My cows don’t know about coronavirus.
They’re still giving milk on the schedule that they always follow. They love their routines and want to stick to them. They have no idea about our human worries, displaying what can only be described as “bovine indifference.”
The milk truck also continues to come to our farm every other day, collecting fresh supplies. The labs that check the quality of our milk remain up and running.
[Editor’s note: Joanna Lidback is a dairy farmer based in Vermont.]
We’ve all seen the photos on social media and television. They show empty shelves and long lines. Even if you haven’t glimpsed these things with your own eyes, you possibly visited an unnervingly crowded grocery store or food mart.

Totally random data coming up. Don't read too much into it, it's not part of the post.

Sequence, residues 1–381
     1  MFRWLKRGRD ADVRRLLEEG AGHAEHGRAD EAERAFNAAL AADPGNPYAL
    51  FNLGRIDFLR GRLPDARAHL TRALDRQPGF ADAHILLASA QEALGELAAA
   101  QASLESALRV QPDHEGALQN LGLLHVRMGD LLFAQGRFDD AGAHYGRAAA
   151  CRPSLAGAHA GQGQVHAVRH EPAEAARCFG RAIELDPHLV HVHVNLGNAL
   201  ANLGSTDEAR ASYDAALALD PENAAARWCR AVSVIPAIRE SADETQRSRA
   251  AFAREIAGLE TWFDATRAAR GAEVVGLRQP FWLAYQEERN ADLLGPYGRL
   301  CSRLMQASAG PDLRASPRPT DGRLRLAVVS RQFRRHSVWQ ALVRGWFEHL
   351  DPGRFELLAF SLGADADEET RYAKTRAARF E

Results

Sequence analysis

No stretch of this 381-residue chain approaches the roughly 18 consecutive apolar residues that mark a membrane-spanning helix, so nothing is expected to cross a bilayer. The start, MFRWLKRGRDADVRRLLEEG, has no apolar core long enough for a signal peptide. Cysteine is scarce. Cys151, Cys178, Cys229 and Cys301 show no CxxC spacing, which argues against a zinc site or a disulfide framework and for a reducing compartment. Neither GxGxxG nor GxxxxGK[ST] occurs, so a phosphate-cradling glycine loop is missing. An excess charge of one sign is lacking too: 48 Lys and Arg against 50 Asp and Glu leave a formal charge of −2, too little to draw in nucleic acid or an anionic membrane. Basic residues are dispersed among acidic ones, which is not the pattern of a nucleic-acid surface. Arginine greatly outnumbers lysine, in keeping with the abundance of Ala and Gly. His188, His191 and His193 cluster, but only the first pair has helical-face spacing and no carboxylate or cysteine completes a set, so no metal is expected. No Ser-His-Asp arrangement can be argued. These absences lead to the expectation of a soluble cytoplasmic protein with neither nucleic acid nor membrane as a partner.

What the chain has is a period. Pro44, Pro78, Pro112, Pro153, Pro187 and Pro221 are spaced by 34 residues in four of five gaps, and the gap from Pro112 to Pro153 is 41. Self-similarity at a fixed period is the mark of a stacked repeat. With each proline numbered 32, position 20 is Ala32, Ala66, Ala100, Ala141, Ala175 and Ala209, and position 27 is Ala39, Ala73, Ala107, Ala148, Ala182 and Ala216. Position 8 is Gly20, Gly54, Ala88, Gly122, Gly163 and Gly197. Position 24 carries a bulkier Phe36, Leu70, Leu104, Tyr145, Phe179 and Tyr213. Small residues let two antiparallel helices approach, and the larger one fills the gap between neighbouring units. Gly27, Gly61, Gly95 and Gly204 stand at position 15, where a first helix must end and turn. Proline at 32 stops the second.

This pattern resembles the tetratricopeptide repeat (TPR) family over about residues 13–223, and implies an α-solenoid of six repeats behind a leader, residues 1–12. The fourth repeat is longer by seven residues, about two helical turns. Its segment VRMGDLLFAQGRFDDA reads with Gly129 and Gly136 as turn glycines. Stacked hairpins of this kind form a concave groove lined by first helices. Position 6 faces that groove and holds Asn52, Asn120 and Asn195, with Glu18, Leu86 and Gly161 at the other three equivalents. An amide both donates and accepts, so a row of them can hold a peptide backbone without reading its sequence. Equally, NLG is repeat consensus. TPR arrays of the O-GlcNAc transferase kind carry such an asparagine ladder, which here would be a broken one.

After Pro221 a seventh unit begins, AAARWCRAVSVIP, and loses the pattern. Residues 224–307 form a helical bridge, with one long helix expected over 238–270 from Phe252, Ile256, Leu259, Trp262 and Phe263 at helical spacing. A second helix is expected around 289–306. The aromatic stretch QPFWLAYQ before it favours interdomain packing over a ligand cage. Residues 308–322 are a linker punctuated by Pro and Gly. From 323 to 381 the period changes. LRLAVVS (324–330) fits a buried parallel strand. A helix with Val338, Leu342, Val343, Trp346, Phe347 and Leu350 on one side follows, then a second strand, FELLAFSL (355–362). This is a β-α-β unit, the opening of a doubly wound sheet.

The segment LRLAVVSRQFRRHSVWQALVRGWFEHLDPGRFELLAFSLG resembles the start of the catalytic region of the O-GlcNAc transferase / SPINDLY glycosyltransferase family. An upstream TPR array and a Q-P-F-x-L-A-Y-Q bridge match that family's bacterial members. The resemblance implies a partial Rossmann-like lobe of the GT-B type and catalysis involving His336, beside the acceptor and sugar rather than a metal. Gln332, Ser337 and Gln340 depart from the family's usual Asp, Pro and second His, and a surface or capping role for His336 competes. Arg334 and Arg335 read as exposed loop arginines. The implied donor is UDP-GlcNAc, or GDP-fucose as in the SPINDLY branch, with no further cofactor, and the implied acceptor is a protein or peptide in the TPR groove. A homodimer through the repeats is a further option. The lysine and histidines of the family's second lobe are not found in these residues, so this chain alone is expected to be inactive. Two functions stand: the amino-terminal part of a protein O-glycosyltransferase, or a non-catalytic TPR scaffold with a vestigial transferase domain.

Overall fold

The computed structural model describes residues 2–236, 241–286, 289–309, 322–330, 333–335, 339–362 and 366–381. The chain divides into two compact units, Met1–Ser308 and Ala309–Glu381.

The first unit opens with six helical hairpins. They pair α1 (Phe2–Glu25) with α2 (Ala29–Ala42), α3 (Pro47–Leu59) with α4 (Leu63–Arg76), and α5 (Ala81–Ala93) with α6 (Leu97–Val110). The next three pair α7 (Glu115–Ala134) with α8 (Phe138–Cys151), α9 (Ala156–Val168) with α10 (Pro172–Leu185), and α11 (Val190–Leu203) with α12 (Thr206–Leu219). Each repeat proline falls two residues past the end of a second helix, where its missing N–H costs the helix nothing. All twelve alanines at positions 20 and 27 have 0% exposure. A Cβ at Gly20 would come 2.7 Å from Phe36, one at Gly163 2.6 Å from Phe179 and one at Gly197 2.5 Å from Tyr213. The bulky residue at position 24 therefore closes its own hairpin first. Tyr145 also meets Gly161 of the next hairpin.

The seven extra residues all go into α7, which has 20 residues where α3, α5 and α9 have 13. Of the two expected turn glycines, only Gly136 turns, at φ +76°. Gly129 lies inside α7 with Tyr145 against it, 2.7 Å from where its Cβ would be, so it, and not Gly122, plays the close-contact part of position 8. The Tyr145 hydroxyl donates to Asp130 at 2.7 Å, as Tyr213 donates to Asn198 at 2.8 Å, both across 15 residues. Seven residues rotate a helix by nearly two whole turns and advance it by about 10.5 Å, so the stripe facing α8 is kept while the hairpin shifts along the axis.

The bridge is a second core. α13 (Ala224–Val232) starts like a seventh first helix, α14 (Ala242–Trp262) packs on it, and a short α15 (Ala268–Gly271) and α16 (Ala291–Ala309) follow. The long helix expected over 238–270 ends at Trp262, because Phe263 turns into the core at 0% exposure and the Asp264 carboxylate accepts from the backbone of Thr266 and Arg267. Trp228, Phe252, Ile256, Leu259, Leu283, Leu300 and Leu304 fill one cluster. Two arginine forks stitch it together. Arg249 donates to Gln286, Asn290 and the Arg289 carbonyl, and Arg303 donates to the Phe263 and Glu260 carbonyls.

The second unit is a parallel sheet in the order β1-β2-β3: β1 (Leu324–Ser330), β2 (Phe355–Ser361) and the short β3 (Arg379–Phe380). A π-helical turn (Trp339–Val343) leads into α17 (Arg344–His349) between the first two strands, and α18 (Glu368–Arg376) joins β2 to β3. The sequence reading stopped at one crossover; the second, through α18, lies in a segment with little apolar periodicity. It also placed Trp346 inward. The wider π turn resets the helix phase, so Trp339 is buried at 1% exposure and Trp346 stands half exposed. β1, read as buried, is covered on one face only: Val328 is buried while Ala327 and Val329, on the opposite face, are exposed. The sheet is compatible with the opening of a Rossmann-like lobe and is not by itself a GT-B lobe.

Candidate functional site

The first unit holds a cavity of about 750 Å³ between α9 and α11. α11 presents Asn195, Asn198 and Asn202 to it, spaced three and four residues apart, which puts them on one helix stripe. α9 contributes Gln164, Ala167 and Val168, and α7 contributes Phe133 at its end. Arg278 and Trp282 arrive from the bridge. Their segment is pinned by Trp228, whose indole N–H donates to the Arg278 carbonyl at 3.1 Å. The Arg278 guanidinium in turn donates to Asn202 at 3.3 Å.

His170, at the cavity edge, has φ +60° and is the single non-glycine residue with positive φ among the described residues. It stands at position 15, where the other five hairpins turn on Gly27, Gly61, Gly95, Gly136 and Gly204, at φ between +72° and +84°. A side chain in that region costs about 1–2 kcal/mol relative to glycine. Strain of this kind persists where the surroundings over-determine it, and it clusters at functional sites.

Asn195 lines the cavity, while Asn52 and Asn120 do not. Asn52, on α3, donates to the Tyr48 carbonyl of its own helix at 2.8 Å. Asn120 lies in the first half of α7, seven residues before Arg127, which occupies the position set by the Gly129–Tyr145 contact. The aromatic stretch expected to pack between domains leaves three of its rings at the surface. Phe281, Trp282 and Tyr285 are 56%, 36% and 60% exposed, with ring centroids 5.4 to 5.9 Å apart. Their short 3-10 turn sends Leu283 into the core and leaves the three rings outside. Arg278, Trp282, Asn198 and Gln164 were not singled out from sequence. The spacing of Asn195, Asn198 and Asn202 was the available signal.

The good news is that our food supply is strong. Coronavirus has caused a surge in demand. In a few places, this has created short-term challenges.
They won’t last. A headline in the New York Times may have said it best: “There Is Plenty of Food in the Country.”
I’ll put it more bluntly: We’re going to have the food we need. In fact, we’re going to eat well. In all of history, our ability to move food from farm to fork never has been better.